Starting Rotation, Back-End Relievers Getting Red Sox Back Near .500 After Rough Start

Starting Rotation, Back-End Relievers Getting Red Sox Back Near .500 After Rough Start It doesn’t just take a foundation to construct a building, nor does it take only a first couple of weeks to decide the outcome of a season. But since the ugly 2-10 start, the Red Sox have won six of their last seven, and pitching has a lot to do with the recent success.

In the first 10 games through April 11, the Red Sox disappointed and allowed an average of 6.9 runs per game, which was the worst team ERA in the league. Since then, the team has allowed an average of only 2.89 runs per game, and its 2.85 ERA during that stretch would rank third overall in the MLB.

Not only has the starting pitching clicked — throwing seven straight quality starts and overcoming its atrocious first two weeks — but the back-end of the bullpen also has appeared dominant.

Since April 12, lefty Jon Lester has recorded three straight solid starts, allowing only four runs over his last 19 innings and striking out 21 batters. His one loss in that span came on a 3-2 defeat to Tampa Bay, a game in which ace David Price silenced the Sox’ bats.

Along with Lester, Josh Beckett has continued his lights out start, allowing only three runs, six hits and four walks over 15 innings in two starts. Beckett’s 1.93 April ERA is his lowest since 2005’s 1.36 start, and his stuff is just as impressive.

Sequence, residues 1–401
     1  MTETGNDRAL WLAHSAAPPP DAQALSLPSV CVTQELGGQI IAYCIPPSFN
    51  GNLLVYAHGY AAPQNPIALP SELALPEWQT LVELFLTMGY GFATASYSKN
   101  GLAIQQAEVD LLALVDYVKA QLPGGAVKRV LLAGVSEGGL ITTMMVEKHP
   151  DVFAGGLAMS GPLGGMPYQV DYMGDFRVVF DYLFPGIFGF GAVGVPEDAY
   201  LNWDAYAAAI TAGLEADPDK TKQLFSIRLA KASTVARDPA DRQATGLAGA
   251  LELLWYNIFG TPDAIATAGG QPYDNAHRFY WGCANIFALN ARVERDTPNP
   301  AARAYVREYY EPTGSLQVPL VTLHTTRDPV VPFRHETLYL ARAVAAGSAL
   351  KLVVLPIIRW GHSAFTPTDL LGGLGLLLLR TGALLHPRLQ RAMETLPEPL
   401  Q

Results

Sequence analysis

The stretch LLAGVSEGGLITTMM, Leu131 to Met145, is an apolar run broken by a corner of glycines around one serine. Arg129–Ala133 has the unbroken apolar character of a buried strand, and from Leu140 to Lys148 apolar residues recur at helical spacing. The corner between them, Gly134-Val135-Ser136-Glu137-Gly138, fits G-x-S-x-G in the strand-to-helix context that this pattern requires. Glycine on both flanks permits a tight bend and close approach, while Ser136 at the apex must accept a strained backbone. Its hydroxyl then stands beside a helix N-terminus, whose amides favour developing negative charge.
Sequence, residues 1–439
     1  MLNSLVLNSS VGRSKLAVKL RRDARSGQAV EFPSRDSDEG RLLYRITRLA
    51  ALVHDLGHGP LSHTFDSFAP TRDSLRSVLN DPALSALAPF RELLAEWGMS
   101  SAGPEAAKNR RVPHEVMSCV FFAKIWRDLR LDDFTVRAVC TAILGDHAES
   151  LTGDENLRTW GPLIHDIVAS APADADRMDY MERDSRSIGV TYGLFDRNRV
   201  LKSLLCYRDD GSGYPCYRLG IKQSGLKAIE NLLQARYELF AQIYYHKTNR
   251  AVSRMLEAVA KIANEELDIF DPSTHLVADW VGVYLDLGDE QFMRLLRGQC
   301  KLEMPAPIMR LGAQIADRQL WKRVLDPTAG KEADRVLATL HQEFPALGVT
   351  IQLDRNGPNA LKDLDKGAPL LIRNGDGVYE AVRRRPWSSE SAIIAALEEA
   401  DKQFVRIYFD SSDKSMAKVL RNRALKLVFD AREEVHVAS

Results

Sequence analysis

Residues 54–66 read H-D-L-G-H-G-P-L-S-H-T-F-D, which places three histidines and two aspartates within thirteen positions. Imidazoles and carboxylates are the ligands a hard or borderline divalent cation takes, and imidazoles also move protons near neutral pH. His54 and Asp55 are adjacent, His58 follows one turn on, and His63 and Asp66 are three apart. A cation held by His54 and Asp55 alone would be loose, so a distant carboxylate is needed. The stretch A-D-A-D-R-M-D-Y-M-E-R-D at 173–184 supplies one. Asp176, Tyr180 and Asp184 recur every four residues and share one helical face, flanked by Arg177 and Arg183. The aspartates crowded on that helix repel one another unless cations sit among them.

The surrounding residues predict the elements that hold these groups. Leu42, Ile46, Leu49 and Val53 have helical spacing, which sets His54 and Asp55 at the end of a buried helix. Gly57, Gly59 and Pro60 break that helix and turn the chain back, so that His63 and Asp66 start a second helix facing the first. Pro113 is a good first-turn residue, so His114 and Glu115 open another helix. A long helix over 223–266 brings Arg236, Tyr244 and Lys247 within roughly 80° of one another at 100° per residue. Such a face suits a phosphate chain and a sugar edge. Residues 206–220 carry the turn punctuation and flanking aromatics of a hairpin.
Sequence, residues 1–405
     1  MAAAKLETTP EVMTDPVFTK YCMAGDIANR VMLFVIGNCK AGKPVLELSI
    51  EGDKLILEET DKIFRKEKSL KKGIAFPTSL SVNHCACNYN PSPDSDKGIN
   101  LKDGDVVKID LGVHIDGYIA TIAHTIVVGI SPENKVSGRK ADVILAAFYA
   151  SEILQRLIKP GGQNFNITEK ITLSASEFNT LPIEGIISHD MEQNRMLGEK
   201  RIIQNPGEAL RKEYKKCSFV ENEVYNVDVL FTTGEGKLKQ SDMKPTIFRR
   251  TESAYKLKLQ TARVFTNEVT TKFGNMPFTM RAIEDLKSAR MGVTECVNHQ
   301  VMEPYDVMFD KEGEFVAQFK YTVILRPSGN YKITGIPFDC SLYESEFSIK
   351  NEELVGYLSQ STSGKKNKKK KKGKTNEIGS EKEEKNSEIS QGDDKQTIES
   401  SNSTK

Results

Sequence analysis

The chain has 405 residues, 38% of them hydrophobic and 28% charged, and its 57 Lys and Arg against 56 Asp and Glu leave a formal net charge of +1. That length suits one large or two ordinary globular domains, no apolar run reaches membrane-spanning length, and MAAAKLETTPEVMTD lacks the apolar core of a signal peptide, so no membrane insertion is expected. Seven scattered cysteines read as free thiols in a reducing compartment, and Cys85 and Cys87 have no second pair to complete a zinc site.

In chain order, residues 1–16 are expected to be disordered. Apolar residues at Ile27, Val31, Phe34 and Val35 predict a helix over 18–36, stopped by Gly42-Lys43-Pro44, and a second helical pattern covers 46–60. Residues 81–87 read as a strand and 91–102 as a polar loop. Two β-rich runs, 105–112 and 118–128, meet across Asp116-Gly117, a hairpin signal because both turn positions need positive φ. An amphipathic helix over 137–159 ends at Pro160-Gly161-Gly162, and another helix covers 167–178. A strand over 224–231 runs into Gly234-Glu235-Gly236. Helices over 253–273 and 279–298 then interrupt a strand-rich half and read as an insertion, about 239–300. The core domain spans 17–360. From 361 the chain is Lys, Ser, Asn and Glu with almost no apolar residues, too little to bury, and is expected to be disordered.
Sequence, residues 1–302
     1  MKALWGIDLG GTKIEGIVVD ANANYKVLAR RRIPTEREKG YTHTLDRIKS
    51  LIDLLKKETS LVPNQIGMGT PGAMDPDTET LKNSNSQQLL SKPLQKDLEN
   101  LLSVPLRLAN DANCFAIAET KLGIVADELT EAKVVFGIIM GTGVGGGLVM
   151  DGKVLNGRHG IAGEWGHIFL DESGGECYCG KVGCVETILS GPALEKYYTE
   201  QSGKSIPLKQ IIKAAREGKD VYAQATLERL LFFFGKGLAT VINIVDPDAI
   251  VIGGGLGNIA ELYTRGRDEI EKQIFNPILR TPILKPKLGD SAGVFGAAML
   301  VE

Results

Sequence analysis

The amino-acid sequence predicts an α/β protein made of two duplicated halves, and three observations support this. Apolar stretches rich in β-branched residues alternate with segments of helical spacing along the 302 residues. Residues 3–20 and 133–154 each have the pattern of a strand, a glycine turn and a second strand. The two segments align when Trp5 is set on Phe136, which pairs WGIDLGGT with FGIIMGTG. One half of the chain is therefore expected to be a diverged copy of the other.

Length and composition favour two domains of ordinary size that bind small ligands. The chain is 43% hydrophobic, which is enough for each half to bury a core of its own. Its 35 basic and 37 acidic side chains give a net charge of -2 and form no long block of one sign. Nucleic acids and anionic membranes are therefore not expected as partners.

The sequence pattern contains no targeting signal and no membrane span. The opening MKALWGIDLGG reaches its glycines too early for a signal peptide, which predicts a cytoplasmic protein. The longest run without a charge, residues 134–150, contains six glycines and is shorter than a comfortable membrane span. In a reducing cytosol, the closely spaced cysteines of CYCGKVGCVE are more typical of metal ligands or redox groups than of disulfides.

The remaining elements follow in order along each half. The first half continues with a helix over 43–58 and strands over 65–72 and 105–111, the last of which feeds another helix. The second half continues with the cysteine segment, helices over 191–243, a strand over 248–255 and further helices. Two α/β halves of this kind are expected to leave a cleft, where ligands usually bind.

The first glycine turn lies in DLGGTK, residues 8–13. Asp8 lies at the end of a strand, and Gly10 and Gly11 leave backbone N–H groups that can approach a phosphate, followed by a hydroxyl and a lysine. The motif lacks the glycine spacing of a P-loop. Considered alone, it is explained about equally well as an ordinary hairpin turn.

After two rough starts, Clay Buchholz has also pitched well in his last two outings. On Wednesday he allowed only one run in Oakland. Last week, the right-hander’s three runs allowed over five innings wasn’t impressive, but it was enough to keep the Red Sox in the game until Bobby Jenks allowed 4 runs over one-third of an inning in relief. If Buchholz can limit his number of walks, Terry Francona will be able to let his young starter pitch later into games and build up his pitch count, which topped 100 pitches per game last year.

Even John Lackey and Daisuke Matsuzaka have pitched well in each of their most recent starts. While Lackey allowed only one run and four hits over six innings, a game in which the team could not score a run, Dice-K was nearly unhittable, surrendering only one walk and one hit over seven scoreless innings against the loaded Blue Jays offense. On Saturday, Matsuzaka looks to build off his last start, and record back-to-back quality starts for the first time since July 2010.

But without solid relief pitching, the Red Sox would not have had this successful stretch, as four of the six wins were of three runs or less. In two of the three losses during their 6-3 run, the middle relief faltered, as Jenks allowed four runs and Hideki Okajima gave up three in less than an inning each.

If one thing’s sure, the Jonathan Papelbon of 2011 is not looking like the Jonathan Papelbon of 2010. 

During the current run, Pap has converted four of four save opportunities and has allowed only one run over 5 1/3 innings, good for a 1.69 ERA in the last five appearances. His 1.08 WHIP is his lowest in April since his 2008 campaign.

Set-up man Daniel Bard has also recovered from his slow start. Since April 12, Bard has tossed 5 2/3 scoreless innings, lowering his ERA from 12.27 to its current 4.82, and allowed only three hits and one walk over that span.

Once the offense clicks, this team will be formidable. But for now, the starting rotation and back-end relievers appear to be in good form and have been enough to get the Red Sox going as they near what once looked like an impossible feat — ending April with a winning record.

Yardbarker

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